III. Types of Discipline that May be Taken by a State Nursing Board:
Assuming that you are not successful in persuading a Nursing Board that a complaint should be dismissed, there are a number of disciplinary actions that may be pursued by the state. The types of discipline that may be taken by a specific Nursing Board generally include:
Informal discipline. This type of disciplinary action is often not reported to the public. It may take the form of a “Warning” letter. While not disclosed to the public, this action will still be part of a licensee’s record and can be considered by the Nursing Board if subsequent violations of the Nurse Practice Act are alleged.
Public reprimand. This is often the least onerous disciplinary action that will be taken by a Nursing Board that is disclosed to the public.
Fine or civil penalty. Nursing Boards often assess a fine or penalty in conjunction with other disciplinary action taken against a licensee.
Restrictions placed on a nurse’s license. Depending on the case, a nurse’s scope of practice may be restricted. Alternatively, the Nursing Board may require that a nurse’s activities be monitored or supervised.
Suspension of license. A Nursing Board may choose to suspend a nurse’s license for periods ranging from a few months to several years. Suspension actions are often accompanied by other clinical training requirements that must be met before a nurse can apply to have his / her license reinstated.
Revocation of license. If a nurse’s license is revoked, an individual can no longer legally practice nursing. In most states, a nurse is not permitted to reapply for licensure for a period of one to three years. After this period as elapsed, a nurse must reapply for licensure, their licensure will not automatically be reinstated after the debarment period has ended.
Reciprocal action based on discipline taken in another state. If you are subjected to disciplinary action in another state or if your scope of practice is otherwise restricted, the state in which you are currently practices will likely invoke reciprocal discipline.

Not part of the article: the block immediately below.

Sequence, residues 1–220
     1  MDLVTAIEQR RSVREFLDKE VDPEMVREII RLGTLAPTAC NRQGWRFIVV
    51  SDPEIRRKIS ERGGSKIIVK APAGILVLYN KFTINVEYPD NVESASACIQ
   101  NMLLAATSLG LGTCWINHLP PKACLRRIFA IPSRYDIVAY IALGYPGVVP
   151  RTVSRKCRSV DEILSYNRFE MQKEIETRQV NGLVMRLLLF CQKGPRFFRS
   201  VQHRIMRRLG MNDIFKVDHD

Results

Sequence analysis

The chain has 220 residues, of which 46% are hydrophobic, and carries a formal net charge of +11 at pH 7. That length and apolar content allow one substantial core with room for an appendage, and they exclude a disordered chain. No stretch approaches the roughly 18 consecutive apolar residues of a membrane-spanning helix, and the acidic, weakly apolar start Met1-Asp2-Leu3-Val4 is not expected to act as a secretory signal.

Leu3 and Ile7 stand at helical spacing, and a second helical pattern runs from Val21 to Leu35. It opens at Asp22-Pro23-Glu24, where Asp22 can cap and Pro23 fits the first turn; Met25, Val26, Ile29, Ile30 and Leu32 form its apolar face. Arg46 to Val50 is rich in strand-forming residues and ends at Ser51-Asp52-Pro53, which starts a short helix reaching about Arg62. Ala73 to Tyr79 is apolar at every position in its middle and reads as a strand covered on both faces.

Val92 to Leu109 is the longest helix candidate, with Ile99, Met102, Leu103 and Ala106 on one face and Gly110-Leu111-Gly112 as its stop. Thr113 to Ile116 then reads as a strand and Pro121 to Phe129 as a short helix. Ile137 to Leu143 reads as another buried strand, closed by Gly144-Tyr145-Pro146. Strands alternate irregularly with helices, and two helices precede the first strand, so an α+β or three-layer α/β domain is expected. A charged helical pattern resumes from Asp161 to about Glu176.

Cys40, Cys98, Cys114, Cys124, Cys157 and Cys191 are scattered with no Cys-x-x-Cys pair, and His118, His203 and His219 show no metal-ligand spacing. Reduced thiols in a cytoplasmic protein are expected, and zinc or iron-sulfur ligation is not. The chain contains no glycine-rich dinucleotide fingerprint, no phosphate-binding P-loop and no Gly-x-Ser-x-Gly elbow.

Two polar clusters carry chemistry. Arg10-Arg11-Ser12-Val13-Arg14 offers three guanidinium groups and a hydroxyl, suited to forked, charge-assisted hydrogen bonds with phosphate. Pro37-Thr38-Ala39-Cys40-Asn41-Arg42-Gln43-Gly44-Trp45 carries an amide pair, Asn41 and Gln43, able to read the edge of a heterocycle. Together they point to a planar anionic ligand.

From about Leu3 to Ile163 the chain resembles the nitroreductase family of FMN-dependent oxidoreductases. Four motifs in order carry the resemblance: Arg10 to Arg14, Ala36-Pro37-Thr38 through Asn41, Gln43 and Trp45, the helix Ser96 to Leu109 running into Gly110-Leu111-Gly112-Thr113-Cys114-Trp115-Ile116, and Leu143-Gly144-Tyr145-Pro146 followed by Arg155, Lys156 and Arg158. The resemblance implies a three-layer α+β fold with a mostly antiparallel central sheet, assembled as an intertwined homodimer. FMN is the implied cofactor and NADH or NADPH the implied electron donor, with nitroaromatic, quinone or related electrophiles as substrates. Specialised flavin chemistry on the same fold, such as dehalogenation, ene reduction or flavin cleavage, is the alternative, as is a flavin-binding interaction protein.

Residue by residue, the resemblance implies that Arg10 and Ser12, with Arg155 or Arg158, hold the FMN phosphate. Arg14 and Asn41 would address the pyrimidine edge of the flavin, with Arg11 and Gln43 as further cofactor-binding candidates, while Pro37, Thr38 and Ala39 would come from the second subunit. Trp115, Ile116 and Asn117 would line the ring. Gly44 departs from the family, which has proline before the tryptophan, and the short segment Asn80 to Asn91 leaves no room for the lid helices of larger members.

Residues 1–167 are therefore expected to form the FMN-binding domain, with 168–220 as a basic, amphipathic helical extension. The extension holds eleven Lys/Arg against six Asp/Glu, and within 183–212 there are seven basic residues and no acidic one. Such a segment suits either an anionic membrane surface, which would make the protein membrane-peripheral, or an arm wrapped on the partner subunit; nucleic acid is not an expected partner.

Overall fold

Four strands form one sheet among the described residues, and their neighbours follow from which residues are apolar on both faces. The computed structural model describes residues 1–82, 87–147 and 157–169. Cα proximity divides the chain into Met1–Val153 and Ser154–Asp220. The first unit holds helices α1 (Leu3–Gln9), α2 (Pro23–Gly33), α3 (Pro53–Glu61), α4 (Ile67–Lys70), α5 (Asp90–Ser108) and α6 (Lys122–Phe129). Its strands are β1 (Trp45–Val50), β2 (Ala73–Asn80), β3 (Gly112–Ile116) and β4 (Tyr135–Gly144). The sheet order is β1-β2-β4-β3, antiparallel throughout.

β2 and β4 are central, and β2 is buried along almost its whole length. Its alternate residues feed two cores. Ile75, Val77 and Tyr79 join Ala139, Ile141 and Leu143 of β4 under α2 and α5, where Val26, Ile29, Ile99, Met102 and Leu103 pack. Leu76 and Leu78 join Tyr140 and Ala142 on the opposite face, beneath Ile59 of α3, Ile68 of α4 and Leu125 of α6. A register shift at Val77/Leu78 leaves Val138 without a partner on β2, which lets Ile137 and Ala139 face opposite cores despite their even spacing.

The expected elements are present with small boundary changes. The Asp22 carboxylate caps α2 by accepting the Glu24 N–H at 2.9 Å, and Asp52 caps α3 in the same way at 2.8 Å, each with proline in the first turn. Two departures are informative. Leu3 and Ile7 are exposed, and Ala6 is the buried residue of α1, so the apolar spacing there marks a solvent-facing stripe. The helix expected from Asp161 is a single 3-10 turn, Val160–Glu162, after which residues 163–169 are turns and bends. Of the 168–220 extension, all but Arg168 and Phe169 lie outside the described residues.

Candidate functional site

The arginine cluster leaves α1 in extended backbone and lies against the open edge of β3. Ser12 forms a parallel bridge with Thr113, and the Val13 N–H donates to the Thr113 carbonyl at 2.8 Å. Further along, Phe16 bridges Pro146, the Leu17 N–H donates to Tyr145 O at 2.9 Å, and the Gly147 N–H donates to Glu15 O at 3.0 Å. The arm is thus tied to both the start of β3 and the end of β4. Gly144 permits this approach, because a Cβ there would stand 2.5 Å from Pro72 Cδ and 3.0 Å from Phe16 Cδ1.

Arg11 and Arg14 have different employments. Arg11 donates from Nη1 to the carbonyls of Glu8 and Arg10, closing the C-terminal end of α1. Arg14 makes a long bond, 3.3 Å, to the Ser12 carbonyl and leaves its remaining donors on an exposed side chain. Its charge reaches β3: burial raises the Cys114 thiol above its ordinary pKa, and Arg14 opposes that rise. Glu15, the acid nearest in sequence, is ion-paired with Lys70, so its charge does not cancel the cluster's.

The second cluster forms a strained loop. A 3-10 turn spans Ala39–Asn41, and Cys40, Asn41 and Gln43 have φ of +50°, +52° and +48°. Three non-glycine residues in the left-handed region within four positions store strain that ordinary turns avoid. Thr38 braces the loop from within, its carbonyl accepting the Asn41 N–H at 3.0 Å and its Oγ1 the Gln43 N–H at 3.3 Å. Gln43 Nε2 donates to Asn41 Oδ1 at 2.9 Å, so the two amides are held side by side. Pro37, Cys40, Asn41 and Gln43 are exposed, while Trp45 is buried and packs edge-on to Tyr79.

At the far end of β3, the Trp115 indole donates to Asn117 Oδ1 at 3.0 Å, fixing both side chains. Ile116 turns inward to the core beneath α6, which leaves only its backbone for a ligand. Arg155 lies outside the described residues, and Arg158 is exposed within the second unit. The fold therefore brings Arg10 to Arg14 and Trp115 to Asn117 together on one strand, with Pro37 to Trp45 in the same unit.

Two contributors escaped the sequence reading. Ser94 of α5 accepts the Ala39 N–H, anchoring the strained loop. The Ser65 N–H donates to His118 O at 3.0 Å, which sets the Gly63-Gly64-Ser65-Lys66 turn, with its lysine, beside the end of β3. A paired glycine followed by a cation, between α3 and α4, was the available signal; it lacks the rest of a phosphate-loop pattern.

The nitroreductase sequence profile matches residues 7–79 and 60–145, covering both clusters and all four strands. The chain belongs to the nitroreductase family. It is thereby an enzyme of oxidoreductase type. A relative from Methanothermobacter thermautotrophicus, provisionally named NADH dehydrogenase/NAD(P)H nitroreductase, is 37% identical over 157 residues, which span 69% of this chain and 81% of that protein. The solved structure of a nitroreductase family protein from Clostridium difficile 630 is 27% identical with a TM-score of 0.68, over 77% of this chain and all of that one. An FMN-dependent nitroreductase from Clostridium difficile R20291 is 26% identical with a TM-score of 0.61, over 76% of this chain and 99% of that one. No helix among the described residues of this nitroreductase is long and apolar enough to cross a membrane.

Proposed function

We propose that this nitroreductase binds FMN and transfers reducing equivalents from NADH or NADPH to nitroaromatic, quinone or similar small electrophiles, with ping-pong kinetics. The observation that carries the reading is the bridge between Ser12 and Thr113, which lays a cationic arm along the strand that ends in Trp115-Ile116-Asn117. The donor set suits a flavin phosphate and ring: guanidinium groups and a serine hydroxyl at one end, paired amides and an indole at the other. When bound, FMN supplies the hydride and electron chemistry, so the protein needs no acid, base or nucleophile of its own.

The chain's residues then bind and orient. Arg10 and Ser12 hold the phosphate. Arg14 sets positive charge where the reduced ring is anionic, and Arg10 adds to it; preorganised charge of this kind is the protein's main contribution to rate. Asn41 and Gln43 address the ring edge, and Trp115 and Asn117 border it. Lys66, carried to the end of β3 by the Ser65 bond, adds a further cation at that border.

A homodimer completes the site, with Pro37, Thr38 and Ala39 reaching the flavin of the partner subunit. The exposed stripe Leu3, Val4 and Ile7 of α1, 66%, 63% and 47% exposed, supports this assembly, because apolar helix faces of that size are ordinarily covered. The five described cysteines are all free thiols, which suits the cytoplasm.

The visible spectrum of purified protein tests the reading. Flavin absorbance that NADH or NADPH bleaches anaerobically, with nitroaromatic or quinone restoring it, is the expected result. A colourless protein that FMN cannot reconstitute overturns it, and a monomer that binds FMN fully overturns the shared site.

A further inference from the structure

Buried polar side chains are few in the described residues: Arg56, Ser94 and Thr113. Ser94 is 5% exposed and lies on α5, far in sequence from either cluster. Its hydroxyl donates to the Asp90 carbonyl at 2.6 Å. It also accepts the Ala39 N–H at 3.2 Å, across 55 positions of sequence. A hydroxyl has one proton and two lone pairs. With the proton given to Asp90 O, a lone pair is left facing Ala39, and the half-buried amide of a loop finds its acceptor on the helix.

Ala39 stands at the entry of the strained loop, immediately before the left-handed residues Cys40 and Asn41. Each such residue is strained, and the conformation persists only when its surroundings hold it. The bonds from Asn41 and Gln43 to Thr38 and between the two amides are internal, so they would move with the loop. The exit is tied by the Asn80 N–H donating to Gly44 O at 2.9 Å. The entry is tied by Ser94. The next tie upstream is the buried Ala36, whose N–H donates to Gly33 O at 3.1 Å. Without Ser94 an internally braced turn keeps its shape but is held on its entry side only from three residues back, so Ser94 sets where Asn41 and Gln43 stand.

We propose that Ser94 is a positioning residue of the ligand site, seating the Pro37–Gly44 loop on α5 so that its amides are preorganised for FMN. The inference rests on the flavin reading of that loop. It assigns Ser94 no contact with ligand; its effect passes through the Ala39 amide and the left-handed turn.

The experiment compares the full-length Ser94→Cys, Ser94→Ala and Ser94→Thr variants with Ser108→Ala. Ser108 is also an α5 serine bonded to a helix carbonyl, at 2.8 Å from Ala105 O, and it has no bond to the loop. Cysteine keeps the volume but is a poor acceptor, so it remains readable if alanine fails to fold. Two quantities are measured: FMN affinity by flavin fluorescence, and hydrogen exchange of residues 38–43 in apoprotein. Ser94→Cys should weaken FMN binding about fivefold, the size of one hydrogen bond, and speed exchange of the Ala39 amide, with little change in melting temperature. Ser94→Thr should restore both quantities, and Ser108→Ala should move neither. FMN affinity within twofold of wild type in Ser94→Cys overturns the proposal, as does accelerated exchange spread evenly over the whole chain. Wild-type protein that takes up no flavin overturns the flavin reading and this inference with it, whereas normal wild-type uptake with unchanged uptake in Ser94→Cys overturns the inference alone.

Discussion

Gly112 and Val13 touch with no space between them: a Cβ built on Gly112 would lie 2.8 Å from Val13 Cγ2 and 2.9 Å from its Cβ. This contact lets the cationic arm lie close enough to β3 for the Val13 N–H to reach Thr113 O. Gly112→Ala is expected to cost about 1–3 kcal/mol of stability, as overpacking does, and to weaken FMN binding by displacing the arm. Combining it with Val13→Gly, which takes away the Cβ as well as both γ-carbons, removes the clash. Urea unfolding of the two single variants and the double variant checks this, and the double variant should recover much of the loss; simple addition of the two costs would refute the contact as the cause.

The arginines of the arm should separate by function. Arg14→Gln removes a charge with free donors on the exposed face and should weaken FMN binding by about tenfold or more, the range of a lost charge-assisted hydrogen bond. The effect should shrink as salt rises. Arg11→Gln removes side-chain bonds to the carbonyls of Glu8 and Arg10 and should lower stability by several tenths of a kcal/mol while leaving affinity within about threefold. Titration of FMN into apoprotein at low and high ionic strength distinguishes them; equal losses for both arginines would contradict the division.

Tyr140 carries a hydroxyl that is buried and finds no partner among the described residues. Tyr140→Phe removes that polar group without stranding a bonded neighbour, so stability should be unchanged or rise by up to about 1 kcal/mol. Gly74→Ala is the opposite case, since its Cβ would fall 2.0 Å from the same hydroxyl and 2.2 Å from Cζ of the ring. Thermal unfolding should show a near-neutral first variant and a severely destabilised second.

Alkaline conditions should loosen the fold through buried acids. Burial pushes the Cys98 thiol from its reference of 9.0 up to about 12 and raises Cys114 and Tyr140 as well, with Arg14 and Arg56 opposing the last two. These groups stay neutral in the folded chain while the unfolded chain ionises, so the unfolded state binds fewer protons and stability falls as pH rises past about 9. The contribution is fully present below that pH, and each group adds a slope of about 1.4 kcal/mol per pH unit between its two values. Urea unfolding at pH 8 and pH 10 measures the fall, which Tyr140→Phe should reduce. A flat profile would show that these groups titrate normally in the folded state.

IV. Disciplinary Action by the State Nursing Board May Lead to Additional Sanctions:
Once an Agreed Order is finalized, a copy is normally sent to both the complainant and the licensee. Most states consider disciplinary actions to be public information. As such, these actions will be posted to a licensee’s record. Additionally, disciplinary actions against nursing licensees are also reported to the National Council of State Boards of Nursing, Inc., and the National Practitioner Data Bank (NPDB). If disciplinary action is taken, a licensee may have an obligation to notify the Nursing Boards of any other state in which the nurse is licensed. Moreover, depending on the nature of the sanction that is imposed, a licensee may ultimately be excluded from participation in state and / or federal health benefits programs.
V. How Long Does the Complaint Process Last?
Every case is different. Depending on the nature of the allegations levied against the licensee and the size of any complaint backlogs that may exist, a case may be resolved in six months or it may take one to two years if the allegations are not informally resolved and the case proceeds to an ALJ hearing.
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Liles Parker attorneys are experienced in representing RNs and APRNs in connection with State Nursing Board complaints. Are you currently facing an investigation by the State Nursing Board? Give us a call. For a free consultation regarding your case, please call: 1 (800) 475-1906.